• Thu
  • Dec 25, 2014
  • Updated: 11:05am

Governor could have done more for environment

PUBLISHED : Wednesday, 25 June, 1997, 12:00am
UPDATED : Wednesday, 25 June, 1997, 12:00am
 

A pity, isn't it, that part of the legacy of the out-going administration is an environment that remains one of the filthiest among the sophisticated cities of the world? Notwithstanding the difficulties inherent in dealing with atmospheric pollution, it is safe to say absolutely nothing has been done on a wholesale scale to clean up four waters, our non-gazetted beaches and parts of our countryside which remain an utter disgrace.


In common with all his predecessors, Chris Patten's apparent complacency in this regard is unremarkable.


He is, after all, merely following a time-honoured tradition.


He has, however, been in the unique position of bringing his own soap-box with him and it has been a salient feature of the rhetoric emanating from it that a sense of commitment to really tackle the environment has never surfaced among the tiresome ramblings for a better Hong Kong. And this is despite a growing public disquiet at the current state of play.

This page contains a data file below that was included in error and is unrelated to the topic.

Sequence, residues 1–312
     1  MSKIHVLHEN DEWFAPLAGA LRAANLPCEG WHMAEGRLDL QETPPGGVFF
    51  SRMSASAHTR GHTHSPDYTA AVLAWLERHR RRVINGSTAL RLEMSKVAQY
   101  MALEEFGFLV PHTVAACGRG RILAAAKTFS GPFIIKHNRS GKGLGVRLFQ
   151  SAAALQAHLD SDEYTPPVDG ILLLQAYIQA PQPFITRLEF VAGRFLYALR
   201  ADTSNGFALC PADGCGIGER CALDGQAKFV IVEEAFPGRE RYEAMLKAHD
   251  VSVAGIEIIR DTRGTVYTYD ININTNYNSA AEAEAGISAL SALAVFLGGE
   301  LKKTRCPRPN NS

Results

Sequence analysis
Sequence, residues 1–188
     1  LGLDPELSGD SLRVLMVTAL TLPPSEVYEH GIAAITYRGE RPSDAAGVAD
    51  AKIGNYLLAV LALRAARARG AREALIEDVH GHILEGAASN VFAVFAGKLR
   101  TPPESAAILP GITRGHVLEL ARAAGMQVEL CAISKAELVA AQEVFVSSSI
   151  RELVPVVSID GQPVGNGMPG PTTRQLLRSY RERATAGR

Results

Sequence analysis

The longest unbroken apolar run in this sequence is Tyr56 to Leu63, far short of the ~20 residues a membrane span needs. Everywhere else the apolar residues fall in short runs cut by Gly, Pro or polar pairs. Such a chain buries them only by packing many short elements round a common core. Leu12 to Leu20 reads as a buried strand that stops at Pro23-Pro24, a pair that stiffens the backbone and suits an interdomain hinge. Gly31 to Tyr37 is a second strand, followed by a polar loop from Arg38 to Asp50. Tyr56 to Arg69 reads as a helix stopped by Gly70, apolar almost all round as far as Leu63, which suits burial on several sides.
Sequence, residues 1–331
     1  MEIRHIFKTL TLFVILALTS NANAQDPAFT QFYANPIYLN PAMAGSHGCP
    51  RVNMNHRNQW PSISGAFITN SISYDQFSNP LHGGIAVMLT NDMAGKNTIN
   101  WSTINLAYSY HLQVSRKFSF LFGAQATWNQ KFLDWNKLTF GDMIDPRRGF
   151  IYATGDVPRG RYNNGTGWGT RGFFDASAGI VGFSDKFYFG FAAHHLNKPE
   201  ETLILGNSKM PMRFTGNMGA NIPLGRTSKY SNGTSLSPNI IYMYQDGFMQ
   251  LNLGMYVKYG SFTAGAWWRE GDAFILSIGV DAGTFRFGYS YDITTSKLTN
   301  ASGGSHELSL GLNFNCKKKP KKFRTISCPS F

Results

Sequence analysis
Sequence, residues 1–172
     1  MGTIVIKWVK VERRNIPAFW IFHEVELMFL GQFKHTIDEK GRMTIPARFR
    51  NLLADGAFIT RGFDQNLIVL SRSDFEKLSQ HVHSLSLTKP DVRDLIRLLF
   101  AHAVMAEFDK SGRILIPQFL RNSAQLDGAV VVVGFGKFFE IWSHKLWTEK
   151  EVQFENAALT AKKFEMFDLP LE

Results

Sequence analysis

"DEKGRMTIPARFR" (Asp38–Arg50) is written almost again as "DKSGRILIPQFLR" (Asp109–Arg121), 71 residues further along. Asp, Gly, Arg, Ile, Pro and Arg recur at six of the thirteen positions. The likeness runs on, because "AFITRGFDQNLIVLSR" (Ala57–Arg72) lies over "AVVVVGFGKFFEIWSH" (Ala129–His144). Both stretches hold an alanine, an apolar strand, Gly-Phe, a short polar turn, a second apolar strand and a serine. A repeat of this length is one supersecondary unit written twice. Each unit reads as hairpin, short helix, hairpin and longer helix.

It really is not good enough that the only temporary respite is provided by posses of civic-minded students having their photos taken besides piles of rubbish collected from countless blackspots.


They deserve our thanks, but their pride in a job worth doing seems sadly misplaced.


And so, Mr Patten, as the Britannia picks its way gingerly through the acres of debris and sewage lapping these shores, you might like to cast an eye around you at the receding vista of our beautiful hills and bays, and reflect that you could have championed some other equally worthwhile cause for our future well-being.


MARTIN LABRUM Kowloon

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